Best Foot Forward

Alumna Mackenzie Anderson Leads Global Purpose Communications and Engagement at Nike

When Nike tapped Mackenzie Anderson to become the company’s global purpose communications and engagement director last year, she packed more than her bags for the move to the corporate giant’s headquarters in Portland, Oregon.

The Georgia Southern University 2007 public relations graduate and former Coca-Cola communications professional brought lessons she learned on the Statesboro campus to the nascent role in the Pacific Northwest.

“The foundation that Georgia Southern provided me has carried throughout my career,” she said. “As communicators, we were taught the immense power words have to motivate and mobilize people to help shape a better world. At our core, we have to understand the relationship between the people we’re trying to reach and the brand we’re representing to build trust and belief. My professors instilled in me a global mindset that was rooted in recognizing and highlighting diversity.”

The central tenets of her global perspective courses continue to play a crucial role in Anderson’s directives, as she is currently charged with leading societal and environmental advances that affect both professional and everyday athletes around the world.

“We believe that you’re inspired to act when you understand the direct impact on something you care about,” she explained. “Take climate change and sport, for example. With marathon times shifting and fewer practice days to play football due to increasingly hot and humid conditions, we want the climate change conversation to be more accessible and relatable – so that you understand the connection to your own life and want to join us in doing something about it.”

Nike leveraged its partnership with the United Nations Foundation to bring professional athletes to the United Nations General Assembly in 2019 to speak about climate change and sport, and help the company in its mission to help protect the planet and create a better future for athletes.

“We’re not the expert on climate change — we defer to those experts that are — but we have the platform and the ability to reach people who may not think of connecting sports and climate change,” she said. “That’s a large part of my day-to-day job. To try to find those ways and those types of conversations that we can enter into that make something as technical and wonky as greenhouse gas emissions or material choices relatable so that our consumer cares about it.”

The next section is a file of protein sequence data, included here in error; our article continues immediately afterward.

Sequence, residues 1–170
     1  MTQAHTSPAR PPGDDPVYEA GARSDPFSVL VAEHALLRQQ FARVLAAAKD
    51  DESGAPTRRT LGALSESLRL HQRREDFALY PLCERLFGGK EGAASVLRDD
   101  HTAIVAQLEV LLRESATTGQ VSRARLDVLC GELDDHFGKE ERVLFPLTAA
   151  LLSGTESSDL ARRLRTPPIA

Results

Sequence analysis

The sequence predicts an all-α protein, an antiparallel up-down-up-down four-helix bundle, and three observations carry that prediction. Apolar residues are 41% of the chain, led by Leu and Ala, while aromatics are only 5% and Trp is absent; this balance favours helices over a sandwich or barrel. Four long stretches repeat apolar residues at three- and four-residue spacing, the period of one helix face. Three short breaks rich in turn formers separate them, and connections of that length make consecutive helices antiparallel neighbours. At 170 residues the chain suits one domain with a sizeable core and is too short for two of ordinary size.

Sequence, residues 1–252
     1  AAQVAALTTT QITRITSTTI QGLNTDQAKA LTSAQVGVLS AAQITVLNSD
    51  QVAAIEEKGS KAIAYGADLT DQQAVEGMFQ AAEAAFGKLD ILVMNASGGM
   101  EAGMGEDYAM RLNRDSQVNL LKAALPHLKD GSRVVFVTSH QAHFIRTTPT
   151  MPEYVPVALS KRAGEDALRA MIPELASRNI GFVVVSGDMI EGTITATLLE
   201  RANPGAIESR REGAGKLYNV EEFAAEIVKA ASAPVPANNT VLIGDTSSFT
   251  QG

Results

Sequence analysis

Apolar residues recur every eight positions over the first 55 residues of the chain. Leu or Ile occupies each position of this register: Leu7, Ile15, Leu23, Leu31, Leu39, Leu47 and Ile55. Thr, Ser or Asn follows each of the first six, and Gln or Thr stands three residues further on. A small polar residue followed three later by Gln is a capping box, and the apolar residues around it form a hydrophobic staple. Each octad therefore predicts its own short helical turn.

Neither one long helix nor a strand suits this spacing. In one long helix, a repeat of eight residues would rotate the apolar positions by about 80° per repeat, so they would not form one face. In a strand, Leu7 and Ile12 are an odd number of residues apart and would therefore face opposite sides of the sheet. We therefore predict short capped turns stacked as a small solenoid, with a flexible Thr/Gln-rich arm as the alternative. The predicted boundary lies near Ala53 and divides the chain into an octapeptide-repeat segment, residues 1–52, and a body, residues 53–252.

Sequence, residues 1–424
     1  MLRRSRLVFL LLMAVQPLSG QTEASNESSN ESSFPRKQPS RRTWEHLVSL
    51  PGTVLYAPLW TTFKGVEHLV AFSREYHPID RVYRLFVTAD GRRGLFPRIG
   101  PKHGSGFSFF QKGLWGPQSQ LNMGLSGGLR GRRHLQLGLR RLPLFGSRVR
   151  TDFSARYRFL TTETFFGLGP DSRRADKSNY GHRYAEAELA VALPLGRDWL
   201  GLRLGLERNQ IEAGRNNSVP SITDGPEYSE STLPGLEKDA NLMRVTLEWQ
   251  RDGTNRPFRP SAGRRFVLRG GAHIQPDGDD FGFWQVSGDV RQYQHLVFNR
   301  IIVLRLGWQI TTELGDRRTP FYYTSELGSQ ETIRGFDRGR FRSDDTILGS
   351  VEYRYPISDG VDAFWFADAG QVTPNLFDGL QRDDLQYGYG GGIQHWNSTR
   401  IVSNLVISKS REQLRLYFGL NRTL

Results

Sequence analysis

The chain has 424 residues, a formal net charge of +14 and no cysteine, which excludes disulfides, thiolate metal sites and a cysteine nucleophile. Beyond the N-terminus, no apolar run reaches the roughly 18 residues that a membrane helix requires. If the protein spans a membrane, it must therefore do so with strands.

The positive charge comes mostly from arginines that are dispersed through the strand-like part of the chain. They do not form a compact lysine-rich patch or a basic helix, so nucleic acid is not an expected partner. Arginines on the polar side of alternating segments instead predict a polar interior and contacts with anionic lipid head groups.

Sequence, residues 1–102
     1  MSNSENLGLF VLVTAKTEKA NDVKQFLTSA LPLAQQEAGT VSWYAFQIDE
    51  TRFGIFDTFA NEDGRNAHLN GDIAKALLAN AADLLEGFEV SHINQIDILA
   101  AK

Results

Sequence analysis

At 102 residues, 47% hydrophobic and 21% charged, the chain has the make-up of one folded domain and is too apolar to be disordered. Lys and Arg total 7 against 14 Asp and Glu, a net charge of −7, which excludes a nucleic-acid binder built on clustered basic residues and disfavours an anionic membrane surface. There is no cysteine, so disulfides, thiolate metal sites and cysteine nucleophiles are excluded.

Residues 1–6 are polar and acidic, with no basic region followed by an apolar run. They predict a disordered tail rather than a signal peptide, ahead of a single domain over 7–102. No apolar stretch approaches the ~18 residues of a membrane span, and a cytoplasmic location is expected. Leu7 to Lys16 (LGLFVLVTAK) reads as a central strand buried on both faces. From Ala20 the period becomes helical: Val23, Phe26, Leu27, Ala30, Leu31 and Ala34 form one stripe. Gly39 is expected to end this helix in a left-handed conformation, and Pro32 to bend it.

In “a tried-and-true communications role,” Anderson is able to continue to reach others through her love of storytelling, fostered in Georgia Southern’s classrooms and throughout her career with organizations such as Georgia Aquarium, the Atlanta Braves and The Coca-Cola Company.

In 2019, Anderson’s career-long efforts were recognized as she was named to PRWEEK’s 40 Under 40 honorees. The annual list profiles the top communications professionals across all sectors and industries in the U.S.

“I think I have a knack for storytelling and finding the connection points in various stories to make them more human-centered, and that’s what GSU really gave me,” Anderson said. “That foundation of helping understand the broader context of why we tell these stories and why people need to care. It was the professors that helped us see that there is an emerging world out there.” — Melanie Simón

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